Queens of the Airwaves

Women were some of Canada’s most popular broadcasters in the heyday of radio.

Written by Nancy Payne

Posted January 30, 2018

To modern ears, the women who hosted programs on Canadian radio starting in the 1920s sound a bit too focused on perfecting roast chicken and starched shirts, but given the context, these women truly were pioneers. From poetry to political interviews to livestock reports, radio drama, news, music and household hints, these unflappable radio queens delivered it all.

Perhaps the best-known of Canada's female broadcasters is Kate Aitken, whose cookbook is still in print. She attracted millions of listeners to her radio show in the 1940s and 1950s. On this episode of her CBC radio program, she lauds notable women of the previous year.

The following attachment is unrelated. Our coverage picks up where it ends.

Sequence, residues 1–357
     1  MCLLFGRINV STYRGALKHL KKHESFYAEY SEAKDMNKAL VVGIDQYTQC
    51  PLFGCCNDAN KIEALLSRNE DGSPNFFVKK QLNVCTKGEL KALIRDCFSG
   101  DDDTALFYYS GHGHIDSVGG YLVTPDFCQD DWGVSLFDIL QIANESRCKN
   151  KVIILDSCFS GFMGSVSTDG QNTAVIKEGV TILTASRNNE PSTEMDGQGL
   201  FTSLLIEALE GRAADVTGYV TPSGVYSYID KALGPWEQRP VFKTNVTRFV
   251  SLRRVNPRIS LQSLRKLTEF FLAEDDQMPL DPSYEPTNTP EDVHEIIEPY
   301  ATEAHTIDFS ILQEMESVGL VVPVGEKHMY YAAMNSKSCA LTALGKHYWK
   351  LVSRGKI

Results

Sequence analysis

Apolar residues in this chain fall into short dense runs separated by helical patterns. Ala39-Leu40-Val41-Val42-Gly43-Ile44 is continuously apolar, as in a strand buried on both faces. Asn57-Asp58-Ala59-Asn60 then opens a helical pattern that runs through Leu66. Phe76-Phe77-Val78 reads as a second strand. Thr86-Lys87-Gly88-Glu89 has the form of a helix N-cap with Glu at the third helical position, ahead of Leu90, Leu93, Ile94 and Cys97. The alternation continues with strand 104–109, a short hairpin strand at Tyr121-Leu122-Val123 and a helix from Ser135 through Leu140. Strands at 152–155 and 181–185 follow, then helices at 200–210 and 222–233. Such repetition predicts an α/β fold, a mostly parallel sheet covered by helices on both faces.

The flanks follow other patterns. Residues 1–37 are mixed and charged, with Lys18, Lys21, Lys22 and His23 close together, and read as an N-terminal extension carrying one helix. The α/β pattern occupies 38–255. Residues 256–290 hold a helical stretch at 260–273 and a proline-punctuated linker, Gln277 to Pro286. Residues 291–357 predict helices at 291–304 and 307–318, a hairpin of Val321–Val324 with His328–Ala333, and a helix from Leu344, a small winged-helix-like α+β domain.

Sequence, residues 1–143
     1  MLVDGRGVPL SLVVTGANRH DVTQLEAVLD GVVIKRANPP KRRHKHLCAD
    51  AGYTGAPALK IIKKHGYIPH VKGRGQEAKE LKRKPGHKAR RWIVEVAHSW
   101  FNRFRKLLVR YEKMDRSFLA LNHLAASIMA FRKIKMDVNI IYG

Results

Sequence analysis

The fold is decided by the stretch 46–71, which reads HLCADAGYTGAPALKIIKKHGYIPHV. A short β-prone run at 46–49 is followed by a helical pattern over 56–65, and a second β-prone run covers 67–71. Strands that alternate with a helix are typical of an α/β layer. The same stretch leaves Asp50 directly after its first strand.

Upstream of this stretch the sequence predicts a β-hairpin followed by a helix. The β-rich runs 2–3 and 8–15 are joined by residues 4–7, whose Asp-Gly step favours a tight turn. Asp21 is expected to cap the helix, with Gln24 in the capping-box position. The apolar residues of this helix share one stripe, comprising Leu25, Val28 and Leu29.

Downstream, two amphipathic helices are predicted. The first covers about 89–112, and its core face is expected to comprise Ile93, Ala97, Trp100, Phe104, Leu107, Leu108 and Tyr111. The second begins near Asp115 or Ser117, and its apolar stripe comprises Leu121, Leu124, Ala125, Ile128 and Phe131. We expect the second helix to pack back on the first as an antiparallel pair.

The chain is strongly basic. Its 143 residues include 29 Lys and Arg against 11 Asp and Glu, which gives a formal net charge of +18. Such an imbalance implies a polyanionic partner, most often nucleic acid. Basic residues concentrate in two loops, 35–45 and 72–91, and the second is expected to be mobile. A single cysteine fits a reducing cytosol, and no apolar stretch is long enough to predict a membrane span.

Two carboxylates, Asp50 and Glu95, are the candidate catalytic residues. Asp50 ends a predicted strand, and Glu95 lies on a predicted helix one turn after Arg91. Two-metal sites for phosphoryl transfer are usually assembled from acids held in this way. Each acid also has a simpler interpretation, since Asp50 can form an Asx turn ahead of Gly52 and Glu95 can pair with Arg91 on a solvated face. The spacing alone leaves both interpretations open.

And on this 1953 show, she provides practical funeral etiquette in her warm reassuring tones. 

In French-speaking Canada, Michelle Tisseyre was a fixture on the news and current events programming in the 1940s, making the move to television in 1953.

Archival recordings are not as easy to come by for other notable women in the history of Canadian broadcasting. Well-known and accomplished figures such as: Ontario’s Jane Gray, the first woman to be inducted into the CAB Broadcast Hall of Fame, Martha Bowes, Saskatchewan’s first female radio announcer, or Manitoba’s Lilian Shaw (her name was frequently misspelled). 

In this 1973 interview (in French) Radio-Canada’s Pierre Paquette interviews Michelle Tisseyre, looking back on her groundbreaking career. 

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Learn more about these queens of the radio waves with “Radio Queens” by Nelle Oosterom and Garry Moir in the February-March 2018 issue of Canada’s History magazine. 

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